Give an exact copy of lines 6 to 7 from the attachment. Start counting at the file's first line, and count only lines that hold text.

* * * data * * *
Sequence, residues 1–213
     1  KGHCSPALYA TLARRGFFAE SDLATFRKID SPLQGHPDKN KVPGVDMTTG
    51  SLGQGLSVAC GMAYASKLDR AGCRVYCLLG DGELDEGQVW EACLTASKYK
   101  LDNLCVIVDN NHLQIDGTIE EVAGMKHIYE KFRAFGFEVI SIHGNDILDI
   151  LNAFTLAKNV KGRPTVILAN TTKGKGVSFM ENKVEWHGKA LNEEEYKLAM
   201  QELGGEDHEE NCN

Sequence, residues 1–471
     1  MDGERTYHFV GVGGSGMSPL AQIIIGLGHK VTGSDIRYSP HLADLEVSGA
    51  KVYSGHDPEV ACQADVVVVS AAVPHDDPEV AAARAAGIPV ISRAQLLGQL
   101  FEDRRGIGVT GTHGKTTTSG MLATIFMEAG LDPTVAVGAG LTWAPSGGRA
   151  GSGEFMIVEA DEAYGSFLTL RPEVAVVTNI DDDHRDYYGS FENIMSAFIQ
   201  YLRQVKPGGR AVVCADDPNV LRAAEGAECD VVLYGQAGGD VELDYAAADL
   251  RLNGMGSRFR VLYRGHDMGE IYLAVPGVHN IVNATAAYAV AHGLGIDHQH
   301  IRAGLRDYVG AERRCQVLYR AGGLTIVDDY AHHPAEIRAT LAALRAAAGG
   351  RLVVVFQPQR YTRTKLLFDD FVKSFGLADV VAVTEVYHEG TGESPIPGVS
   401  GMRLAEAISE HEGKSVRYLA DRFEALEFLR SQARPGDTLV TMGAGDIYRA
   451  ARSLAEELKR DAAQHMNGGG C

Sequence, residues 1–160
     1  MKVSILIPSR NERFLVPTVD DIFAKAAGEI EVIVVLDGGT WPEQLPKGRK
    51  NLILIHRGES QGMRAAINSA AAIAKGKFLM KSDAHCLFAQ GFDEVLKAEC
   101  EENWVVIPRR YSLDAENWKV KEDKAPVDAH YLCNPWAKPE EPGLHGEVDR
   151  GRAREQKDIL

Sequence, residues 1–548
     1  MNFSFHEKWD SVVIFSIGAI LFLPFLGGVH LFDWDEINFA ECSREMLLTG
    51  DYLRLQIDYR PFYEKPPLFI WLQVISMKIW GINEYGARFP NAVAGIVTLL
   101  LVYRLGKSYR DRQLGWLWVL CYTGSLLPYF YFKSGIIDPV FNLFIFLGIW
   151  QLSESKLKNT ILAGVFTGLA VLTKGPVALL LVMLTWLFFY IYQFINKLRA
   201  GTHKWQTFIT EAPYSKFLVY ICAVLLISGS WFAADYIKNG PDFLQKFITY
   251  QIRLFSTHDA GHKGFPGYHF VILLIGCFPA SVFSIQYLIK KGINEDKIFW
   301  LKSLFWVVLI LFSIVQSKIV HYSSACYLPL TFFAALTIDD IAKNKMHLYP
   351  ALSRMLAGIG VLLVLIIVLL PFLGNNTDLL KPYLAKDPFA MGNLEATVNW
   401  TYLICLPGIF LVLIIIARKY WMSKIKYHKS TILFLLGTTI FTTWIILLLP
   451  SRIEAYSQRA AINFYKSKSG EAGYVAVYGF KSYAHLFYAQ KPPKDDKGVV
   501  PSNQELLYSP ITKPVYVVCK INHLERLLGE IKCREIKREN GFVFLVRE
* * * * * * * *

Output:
   201  QELGGEDHEE NCN

Sequence, residues 1–471